In via ferrata, where the rungs are 5 meters apart and you are clipped in with a 1m leash, people took factor 5 falls (5m fall on 1m of line) and broke their biners and died. thats why they make special shock absorber screamer type things for via ferrata now.

 

thats right a 5m fall broke a biner due to high fall factor.

get the idea...

 

the "shock force" thing you mention has nothing to do with it. laws of physics do not change just because you doubt them.

Share this post


Link to post
Share on other sites

The "shock force" has everything to do with it, but Dru you are right the fall factor is most important because that is how you would calculate the "shock force". The lower the fall factor the longer the rope and anchors have to absorb the energy of the fall and thus the "shock force" is less.

Share this post


Link to post
Share on other sites

I've never heard of a load on an anchor as a "shock force" before. There's only one force involved, and that's from the climber's mass accelerating. The only variable is the time over which the force is applied to the anchor. Force/Time is controlled by the amount of elastic response in the rope system, which is directly related to fall factor.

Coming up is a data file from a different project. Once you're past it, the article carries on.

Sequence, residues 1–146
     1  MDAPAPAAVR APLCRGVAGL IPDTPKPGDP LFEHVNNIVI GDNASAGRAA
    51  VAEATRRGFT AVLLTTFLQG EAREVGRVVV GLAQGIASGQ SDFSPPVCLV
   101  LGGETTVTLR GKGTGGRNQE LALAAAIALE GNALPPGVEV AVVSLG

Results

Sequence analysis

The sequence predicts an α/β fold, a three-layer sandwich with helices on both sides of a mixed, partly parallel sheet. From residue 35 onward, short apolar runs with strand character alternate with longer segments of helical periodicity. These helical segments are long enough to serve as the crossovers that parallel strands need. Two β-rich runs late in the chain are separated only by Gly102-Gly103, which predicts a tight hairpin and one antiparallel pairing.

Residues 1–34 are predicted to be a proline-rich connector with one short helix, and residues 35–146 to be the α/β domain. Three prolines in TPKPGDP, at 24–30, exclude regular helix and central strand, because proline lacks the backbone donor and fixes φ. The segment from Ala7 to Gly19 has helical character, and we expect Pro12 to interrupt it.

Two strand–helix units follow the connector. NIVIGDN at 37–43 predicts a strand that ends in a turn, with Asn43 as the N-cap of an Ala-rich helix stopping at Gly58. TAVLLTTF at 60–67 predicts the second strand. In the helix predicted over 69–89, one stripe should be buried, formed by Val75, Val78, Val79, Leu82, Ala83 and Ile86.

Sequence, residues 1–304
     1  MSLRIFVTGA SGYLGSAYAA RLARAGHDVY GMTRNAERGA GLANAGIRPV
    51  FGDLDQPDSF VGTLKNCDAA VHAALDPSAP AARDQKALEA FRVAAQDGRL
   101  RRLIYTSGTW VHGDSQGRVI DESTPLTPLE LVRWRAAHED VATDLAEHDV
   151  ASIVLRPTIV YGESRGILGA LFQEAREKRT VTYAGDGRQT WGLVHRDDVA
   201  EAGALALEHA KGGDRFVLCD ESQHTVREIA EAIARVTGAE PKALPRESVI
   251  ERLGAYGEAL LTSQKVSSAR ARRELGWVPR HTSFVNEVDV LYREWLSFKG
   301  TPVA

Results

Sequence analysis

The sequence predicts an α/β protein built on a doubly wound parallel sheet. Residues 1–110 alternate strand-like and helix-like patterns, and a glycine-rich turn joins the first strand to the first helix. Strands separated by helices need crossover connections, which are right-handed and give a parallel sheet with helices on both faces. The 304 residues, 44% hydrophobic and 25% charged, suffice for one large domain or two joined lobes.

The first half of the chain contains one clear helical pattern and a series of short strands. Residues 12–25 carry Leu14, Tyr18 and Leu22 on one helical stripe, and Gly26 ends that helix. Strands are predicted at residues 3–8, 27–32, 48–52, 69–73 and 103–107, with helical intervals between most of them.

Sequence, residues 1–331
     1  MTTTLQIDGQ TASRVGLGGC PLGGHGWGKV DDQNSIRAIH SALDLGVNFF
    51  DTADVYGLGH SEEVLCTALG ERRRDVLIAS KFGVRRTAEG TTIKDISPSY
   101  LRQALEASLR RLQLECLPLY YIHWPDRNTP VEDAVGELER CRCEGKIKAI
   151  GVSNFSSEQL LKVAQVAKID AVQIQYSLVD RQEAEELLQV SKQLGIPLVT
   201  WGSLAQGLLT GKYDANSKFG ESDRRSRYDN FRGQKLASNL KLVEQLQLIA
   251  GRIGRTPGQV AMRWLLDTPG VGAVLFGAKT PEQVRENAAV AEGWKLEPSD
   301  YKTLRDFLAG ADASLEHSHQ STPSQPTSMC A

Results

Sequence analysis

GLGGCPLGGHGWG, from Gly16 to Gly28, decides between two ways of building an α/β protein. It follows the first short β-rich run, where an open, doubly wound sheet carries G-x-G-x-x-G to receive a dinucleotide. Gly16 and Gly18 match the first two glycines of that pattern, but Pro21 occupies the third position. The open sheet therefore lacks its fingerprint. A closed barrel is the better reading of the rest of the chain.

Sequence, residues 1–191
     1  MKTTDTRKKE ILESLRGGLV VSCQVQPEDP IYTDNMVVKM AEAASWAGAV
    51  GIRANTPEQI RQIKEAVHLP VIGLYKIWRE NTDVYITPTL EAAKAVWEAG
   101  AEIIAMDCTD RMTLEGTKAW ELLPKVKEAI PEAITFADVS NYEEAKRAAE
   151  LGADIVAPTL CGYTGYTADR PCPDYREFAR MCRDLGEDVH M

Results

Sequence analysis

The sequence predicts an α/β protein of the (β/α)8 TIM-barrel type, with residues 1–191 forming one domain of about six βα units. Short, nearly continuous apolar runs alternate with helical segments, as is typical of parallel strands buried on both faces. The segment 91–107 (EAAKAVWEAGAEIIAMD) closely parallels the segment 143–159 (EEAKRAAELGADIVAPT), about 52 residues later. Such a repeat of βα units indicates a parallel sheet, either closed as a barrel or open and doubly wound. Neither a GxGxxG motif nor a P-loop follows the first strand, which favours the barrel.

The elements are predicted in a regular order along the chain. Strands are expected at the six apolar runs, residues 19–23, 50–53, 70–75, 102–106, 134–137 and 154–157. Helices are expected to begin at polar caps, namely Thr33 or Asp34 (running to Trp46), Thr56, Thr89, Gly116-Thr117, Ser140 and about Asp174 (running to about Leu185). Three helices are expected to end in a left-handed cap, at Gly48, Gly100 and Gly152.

Also, if I understand the ferrata stuff correctly, the carabiner is subjected to some horrific torsional forces when falling on a ladder like that. The point still seems to be valid though.

Share this post


Link to post
Share on other sites
iain said:

Also, if I understand the ferrata stuff correctly, the carabiner is subjected to some horrific torsional forces when falling on a ladder like that. The point still seems to be valid though.

 

not to mention a completely static system thumbs_down.gif

Share this post


Link to post
Share on other sites

Toast,

 

If you climb with out a rope it becomes much less complicated. the_finger.gif

 

So, can someone shed some light on kN ratings for me? Say a rope is rated for a 8.2 kN impact force. I understand that's the force it could transfer to the anchor, but then what, the rope breaks? confused.gif

 

 

Share this post


Link to post
Share on other sites

everyone compelled to voice opinion here please scan your B.Sc. in physics and post it to this thread rolleyes.gif